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Map showing support for Avignon (red) and Rome (blue) during the Western Schism; this breakdown is accurate until the Council of Pisa (1409), which created a third line of claimants.

The Council of Pisa was an unrecognized ecumenical conference of the Catholic Church held in 1409 that attempted to end the Western Schism by deposing Benedict XIII and Gregory XII. Instead of ending the Western Schism, the Council elected a third papal claimant, Alexander V, who would be succeeded by John XXIII.

Contents

Preliminaries

The cardinals of the reigning pontiffs being greatly dissatisfied, both with the pusillanimity and nepotism of Gregory XII and the obstinacy and bad will of Benedict XIII, resolved to make use of a more efficacious means, namely a general council. The French king, Charles V, had recommended this, at the beginning of the schism, to the cardinals assembled at Anagni and Fondi in revolt against Urban VI, and on his deathbed he had expressed the same wish (1380). It had been upheld by several councils, by the cities of Ghent and Florence, by the University of Oxford and University of Paris, and by the most renowned doctors of the time, for example: Henry of Langenstein ("Epistola pacis", 1379, "Epistola concilii pacis", 1381); Conrad of Gelnhausen ("Epistola Concordiæ", 1380); Jean de Charlier de Gerson (Sermo coram Anglicis); and especially the latter's master, Pierre d'Ailly, the eminent Bishop of Cambrai, who wrote of himself: "A principio schismatis materiam concilii generalis primus … instanter prosequi non timui" (Apologia Concilii Pisani, in Paul Tschackert). Encouraged by such men, by the known dispositions of King Charles VI and of the University of Paris, four members of the Sacred College of Avignon went to Leghorn where they arranged an interview with those of Rome, and where they were soon joined by others. The two bodies thus united were resolved to seek the union of the Church in spite of everything, and thenceforth to adhere to neither of the competitors. On 2 and 5 July, 1408, they addressed to the princes and prelates an encyclical letter summoning them to a general council at Pisa on 25 March, 1409. To oppose this project Benedict convoked a council at Perpignan while Gregory assembled another at Aquilea, but those assemblies met with little success, hence to the Council of Pisa were directed all the attention, unrest, and hopes of the Catholic world. The Universities of Paris, Oxford, and Cologne, many prelates, and the most distinguished doctors, like d'Ailly and Gerson, openly approved the action of the revolted cardinals. princes on the other hand were divided, but most of them no longer relied on the good will of the rival popes and w without them, despite them, and, if needs were, against them.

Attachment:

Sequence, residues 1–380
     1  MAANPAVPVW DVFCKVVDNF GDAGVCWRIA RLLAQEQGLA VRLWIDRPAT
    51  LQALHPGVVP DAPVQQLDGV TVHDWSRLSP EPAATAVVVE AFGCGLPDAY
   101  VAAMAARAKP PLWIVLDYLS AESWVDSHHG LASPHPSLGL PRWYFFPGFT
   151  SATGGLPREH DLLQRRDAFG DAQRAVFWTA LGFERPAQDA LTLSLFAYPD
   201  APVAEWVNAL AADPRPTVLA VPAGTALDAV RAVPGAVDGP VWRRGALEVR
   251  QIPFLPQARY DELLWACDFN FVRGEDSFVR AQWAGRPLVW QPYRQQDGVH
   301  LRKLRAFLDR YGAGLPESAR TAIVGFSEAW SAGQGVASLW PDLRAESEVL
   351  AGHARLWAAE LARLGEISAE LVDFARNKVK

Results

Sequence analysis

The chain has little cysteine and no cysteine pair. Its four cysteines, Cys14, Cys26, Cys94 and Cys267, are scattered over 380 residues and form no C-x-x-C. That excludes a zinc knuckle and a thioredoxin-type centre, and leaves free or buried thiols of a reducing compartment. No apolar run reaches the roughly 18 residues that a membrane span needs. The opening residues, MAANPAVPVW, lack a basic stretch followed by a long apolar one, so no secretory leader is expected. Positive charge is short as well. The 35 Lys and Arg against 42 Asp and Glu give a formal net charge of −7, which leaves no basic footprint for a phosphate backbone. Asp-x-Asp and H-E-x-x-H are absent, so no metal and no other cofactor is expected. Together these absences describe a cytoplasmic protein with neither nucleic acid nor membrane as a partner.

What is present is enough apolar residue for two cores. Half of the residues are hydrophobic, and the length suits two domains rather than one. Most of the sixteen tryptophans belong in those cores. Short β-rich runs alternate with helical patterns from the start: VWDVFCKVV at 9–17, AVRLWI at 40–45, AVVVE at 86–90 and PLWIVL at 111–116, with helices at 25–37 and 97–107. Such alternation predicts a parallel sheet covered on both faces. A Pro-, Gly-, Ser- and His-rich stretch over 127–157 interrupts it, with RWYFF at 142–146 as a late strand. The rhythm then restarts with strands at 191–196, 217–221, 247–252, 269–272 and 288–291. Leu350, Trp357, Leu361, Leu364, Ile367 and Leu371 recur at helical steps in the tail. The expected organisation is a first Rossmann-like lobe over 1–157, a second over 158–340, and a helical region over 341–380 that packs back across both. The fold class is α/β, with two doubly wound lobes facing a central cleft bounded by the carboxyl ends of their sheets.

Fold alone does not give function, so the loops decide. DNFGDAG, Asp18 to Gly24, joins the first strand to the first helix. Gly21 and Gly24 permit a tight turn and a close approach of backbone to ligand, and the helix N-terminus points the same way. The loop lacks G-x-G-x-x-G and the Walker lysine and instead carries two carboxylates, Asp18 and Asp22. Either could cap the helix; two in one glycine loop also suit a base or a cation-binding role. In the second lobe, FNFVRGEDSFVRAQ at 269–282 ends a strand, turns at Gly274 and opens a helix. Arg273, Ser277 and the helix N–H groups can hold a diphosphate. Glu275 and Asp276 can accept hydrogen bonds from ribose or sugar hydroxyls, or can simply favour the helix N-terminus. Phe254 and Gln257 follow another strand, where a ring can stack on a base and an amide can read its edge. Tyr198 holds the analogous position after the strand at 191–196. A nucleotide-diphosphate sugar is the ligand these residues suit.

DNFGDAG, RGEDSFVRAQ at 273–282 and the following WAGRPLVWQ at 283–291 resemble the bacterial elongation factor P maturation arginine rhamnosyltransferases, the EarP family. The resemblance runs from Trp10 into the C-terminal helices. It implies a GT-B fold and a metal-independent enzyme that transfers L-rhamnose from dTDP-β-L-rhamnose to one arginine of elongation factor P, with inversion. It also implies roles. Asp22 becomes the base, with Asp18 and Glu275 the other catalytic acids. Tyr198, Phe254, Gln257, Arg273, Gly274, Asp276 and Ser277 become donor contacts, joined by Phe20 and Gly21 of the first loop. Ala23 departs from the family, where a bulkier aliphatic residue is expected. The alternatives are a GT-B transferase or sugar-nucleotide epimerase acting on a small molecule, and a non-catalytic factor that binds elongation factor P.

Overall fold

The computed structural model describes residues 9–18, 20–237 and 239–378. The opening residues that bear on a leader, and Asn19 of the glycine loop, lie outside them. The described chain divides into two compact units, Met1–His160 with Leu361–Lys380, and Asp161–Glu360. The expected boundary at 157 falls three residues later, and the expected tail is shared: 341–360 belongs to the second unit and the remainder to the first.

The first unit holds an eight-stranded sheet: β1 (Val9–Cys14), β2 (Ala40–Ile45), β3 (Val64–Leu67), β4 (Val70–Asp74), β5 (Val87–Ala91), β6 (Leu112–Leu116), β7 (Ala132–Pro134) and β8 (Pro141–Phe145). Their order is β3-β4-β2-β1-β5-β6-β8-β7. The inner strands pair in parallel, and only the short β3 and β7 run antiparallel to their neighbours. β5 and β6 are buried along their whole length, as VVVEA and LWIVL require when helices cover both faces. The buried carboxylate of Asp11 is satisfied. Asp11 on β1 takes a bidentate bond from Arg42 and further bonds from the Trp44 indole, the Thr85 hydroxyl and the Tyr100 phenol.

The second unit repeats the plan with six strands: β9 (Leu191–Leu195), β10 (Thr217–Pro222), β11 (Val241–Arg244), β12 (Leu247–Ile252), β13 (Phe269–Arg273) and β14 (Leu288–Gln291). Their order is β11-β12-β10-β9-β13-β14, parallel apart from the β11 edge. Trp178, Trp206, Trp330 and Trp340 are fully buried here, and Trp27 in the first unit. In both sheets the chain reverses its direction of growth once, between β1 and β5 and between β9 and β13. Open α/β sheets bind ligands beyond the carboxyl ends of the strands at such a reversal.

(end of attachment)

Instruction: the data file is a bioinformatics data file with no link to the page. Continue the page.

Meeting of the Council

On the Feast of the Annunciation, 4 patriarchs, 22 cardinals, and 80 bishops assembled in the Cathedral of Pisa under the presidency of Cardinal de Malesset, Bishop of Palestrina. Among the clergy were the representatives of 100 absent bishops, 87 abbots with the proxies of those who could not come to Pisa, 41 priors and generals of religious orders, and 300 doctors of theology or canon law. The ambassadors of all the Christian kingdoms completed the assembly. Judicial procedure began at once. Two cardinal deacons, two bishops, and two notaries approached the church doors, opened them, and in a loud voice, in the Latin tongue, called upon the rival pontiffs to appear. No one replied. "Has anyone been appointed to represent them?" they added. Again there was silence. The delegates returned to their places and requested that Gregory and Benedict be declared guilty of contumacy. On three consecutive days this ceremony was repeated, and throughout the month of May testimonies were heard against the claimants, but the formal declaration of contumacy did not take place until the fourth session. In defence of Gregory, a German embassy unfavourable to the project of the assembled cardinals went to Pisa (15 April) at the instance of Robert of Bavaria, King of the Romans. John, Archbishop of Riga, brought several objections before the council, but in general the German delegates aroused hostility and were compelled to flee the city. Carlo Malatesta, Prince of Rimini, adopted a different approach, defending Gregory's cause as a man of letters, an orator, a politician, and a knight, but was still unsuccessful. Benedict refused to attend the council in person, but his delegates arrived very late (14 June), and their claims aroused the protests and laughter of the assembly. The people of Pisa threatened and insulted them. The Chancellor of Aragon was listened to with little favour, while the Archbishop of Tarragona made a rash declaration of war. Intimidated, the ambassadors, among them Boniface Ferrer, Prior of the Grande Chartreuse, secretly left the city and returned to their master.